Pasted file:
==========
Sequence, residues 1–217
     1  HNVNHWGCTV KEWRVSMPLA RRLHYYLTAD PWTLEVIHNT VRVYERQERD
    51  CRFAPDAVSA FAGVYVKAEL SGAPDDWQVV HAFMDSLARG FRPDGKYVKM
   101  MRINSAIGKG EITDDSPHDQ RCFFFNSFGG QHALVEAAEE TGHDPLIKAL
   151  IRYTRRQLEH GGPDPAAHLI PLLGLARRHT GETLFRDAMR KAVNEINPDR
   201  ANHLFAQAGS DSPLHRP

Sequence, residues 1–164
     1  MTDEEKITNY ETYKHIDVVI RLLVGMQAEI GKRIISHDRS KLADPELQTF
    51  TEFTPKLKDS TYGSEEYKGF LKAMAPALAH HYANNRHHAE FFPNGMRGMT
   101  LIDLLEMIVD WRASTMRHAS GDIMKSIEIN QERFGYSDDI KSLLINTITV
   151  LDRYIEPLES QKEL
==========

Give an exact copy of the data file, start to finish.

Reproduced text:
Sequence, residues 1–217
     1  HNVNHWGCTV KEWRVSMPLA RRLHYYLTAD PWTLEVIHNT VRVYERQERD
    51  CRFAPDAVSA FAGVYVKAEL SGAPDDWQVV HAFMDSLARG FRPDGKYVKM
   101  MRINSAIGKG EITDDSPHDQ RCFFFNSFGG QHALVEAAEE TGHDPLIKAL
   151  IRYTRRQLEH GGPDPAAHLI PLLGLARRHT GETLFRDAMR KAVNEINPDR
   201  ANHLFAQAGS DSPLHRP

Sequence, residues 1–164
     1  MTDEEKITNY ETYKHIDVVI RLLVGMQAEI GKRIISHDRS KLADPELQTF
    51  TEFTPKLKDS TYGSEEYKGF LKAMAPALAH HYANNRHHAE FFPNGMRGMT
   101  LIDLLEMIVD WRASTMRHAS GDIMKSIEIN QERFGYSDDI KSLLINTITV
   151  LDRYIEPLES QKEL